Tackling a heavy subject matter with avant-garde mastery, Conor Houston is back with Outside The Grocery Store

Sheffield’s answer to glam rock, Conor Houston, is back with Outside the Grocery Store – a track as intricate in sound as it is mystifying in its meaning.

Though now dwelling in London, I first met Conor in his hometown of Sheffield. Imagine, I’m sat in the pub nursing drinks and in rocks a lanky Tim Burton-esque character adorned in a sequin blazer, eyeliner and a skinny scarf. Exuding a coolness I hadn’t quite seen before, I naturally rolled my eyes. A few pints later he was teaching me how to dance like Mick Jagger on a packed sticky dancefloor, and I almost crack this Conor Houston enigma. Don’t worry this isn’t just a love letter to Conor.

Conor is unapologetically himself. This phenomenon of self-liberation is so likeable that it has seen him through as a session musician across the UK, Europe and beyond; getting plays on BBC Radio 1 and Radio 6 airwaves; and stepping on stage for Jimmy Kimmel Live. Behind the laissez-whatever of Conor’s bravado is pure determination and even better music. That’s where it gets interesting.

Conor could probably make a career out of being himself – the spectacle that he is. His music, however, contradicts this glamourous persona with its difficult and even confrontational style that demands to be listened to. The most comprehensive way I could describe him is along the lines of ‘it takes a lot of effort to be effortless’. Outside the Grocery Store is the exact essence of Conor Houston that must be heard, whether it’s your cup of tea or not, the song perfectly embodies the eclectic personality and musicality of this could be 80s star who stands equally as cool in 2020.

Tracing its conception to the murder of George Floyd, Houston prods at the helplessness of black lives in the hands of corruption, offering up a viewpoint of the corrupt. Not in a devil’s advocate way, but in a challenging reflexive way as he contemplates: Does your mother know what you did? / Would she ground you for the summer if she found out she raised a killer?’ On his lyrics, Conor asserted ‘I wanted to take a subtle and nuanced approach to the subject matter. I decided to write the lyric from the perspective of a police officer, and explore the thoughts he may have in his most private moments.’  In doing so, the musician manages to objectively view the tragedy while also tackling what has come to be termed as white guilt. Matched with a melancholy synth the lyrics nicely fuse with the music with an underscoring of irony. Conor’s atypical vocal and indulgence of 80s style is grounded by the subject matter. Concurrently, the weight of the questions posed become blasé through musical instruction – like this is an every other day occurrence, and it is. Poignantly exemplified in the lyric ‘With your head held high and your heart down low’, privilege and abuse of such is normal as Conor suggests but it is through the music that ‘angels’ being ‘slaughtered’ isn’t as black and white as it may seem. Following the provocation, the track nicely segues into a new melody and narrative:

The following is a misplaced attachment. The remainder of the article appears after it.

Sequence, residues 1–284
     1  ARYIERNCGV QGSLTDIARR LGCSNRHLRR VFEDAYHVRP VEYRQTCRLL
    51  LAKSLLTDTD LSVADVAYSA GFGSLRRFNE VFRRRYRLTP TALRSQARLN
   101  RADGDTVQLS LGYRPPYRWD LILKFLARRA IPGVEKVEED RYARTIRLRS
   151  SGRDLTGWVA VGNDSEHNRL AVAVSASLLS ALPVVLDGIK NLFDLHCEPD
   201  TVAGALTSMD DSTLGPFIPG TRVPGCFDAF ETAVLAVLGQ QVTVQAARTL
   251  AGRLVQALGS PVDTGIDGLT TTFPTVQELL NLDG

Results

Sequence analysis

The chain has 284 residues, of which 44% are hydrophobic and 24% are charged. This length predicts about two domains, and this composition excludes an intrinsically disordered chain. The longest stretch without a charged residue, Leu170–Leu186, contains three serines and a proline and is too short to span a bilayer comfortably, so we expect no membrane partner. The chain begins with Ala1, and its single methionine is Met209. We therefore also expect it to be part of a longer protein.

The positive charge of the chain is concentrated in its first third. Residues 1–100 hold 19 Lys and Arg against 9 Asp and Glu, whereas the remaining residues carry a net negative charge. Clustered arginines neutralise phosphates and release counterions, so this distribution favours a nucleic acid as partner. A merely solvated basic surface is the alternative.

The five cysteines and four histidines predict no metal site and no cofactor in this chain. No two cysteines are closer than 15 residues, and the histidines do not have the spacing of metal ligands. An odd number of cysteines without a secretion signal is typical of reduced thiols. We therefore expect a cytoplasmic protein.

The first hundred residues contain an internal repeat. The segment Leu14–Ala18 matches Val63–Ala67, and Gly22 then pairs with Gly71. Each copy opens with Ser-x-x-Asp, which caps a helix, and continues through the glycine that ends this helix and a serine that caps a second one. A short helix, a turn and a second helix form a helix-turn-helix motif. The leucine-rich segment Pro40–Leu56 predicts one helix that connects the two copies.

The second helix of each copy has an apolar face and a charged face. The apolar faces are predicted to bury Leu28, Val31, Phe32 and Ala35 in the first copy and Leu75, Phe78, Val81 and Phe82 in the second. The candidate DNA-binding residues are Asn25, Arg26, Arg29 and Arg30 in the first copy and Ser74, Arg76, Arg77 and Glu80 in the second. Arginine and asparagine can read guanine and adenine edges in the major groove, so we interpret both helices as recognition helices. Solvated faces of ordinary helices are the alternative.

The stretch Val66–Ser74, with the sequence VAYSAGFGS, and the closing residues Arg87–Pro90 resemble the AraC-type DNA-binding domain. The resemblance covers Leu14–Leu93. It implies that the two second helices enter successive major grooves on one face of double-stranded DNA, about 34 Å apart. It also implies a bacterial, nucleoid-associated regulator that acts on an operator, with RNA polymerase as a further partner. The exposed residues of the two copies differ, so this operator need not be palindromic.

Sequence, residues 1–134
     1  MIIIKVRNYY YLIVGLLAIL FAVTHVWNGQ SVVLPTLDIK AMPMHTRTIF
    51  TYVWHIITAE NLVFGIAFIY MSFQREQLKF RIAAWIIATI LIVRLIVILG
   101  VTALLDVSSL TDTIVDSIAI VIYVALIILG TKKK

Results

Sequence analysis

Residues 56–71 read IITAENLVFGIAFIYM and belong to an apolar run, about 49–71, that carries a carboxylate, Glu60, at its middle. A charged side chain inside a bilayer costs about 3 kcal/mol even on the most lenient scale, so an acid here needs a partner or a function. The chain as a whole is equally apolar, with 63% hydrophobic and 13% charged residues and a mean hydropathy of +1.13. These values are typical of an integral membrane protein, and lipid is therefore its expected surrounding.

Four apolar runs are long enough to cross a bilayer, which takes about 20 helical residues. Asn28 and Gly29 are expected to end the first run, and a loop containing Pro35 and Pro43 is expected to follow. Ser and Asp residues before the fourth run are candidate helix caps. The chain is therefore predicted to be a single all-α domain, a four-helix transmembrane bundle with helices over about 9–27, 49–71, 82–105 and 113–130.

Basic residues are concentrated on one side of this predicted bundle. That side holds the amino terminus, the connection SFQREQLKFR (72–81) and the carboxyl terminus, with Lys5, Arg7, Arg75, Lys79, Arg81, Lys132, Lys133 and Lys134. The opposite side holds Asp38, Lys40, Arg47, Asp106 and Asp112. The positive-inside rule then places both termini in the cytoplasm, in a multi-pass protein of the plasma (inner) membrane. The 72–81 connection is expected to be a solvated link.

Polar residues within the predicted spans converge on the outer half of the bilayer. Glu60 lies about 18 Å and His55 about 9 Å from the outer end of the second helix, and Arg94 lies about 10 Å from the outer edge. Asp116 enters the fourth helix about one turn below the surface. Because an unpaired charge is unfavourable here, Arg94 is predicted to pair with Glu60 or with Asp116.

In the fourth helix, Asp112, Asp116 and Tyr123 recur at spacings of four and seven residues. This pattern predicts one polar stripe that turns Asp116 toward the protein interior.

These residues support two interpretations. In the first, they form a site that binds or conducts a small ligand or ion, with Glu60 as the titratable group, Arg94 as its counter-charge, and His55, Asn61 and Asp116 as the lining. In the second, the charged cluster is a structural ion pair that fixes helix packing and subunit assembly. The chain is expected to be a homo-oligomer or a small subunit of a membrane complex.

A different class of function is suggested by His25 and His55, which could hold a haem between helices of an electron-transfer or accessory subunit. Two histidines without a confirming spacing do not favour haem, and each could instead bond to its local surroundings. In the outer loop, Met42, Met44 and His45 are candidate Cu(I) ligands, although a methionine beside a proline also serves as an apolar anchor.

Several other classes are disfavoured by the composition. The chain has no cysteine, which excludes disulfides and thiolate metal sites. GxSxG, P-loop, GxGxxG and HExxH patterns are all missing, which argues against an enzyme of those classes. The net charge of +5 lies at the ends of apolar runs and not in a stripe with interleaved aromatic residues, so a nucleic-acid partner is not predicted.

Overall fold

Mama take his badge from him – he can’t be trusted any more

Mama take his badge from him – he can’t be trusted any more

His grip was tight, his teeth were clenched

Engage the safety catch for him outside the grocery store

This is voiced by the ‘angels’ previously mentioned as they blatantly plead ‘mama take his badge from him’. Somehow there’s an intermission in the middle of his track and not even as a moment of relief. Peppered with xylophonic riffs, the accompaniment merely intensifies, riled by a sort of extra-terrestrial mood with pain dripping from the vocal. Wherever the angels are it is not heaven, a purgatory perhaps.

Punctuating this plea, a thrashing guitar brings us back to the initial melody but this time it’s full throttle. Continuing, more questions for the policeman follow, now biting at the lack of empathy for ‘them’. It’s hard to not see this as a them/us dynamic, the very relationship racism is built on, instead of a unifying relationship. But using a policeman’s narrative helps to justify this – the policemen are the ‘us’ in power, the authority figures who keep this very ‘us/them’ relationship intact. ‘Not that this matters’ the singer ultimately resigns, and the music begins to deteriorate into a chaos. But he’s not quite done. The final repetition of ‘just like the other boys did’ mounts alongside this building disorder with a final scream ‘just like –‘. Cut off abruptly, the end mirrors the acceleration of a gunshot as a final gesture Floyd’s murder but also alludes to the impending discord as a result of protestors, for instance, finally holding the people on top accountable.

And how did Sheffield’s own Bowie manage that? I don’t know, he’s an enigma.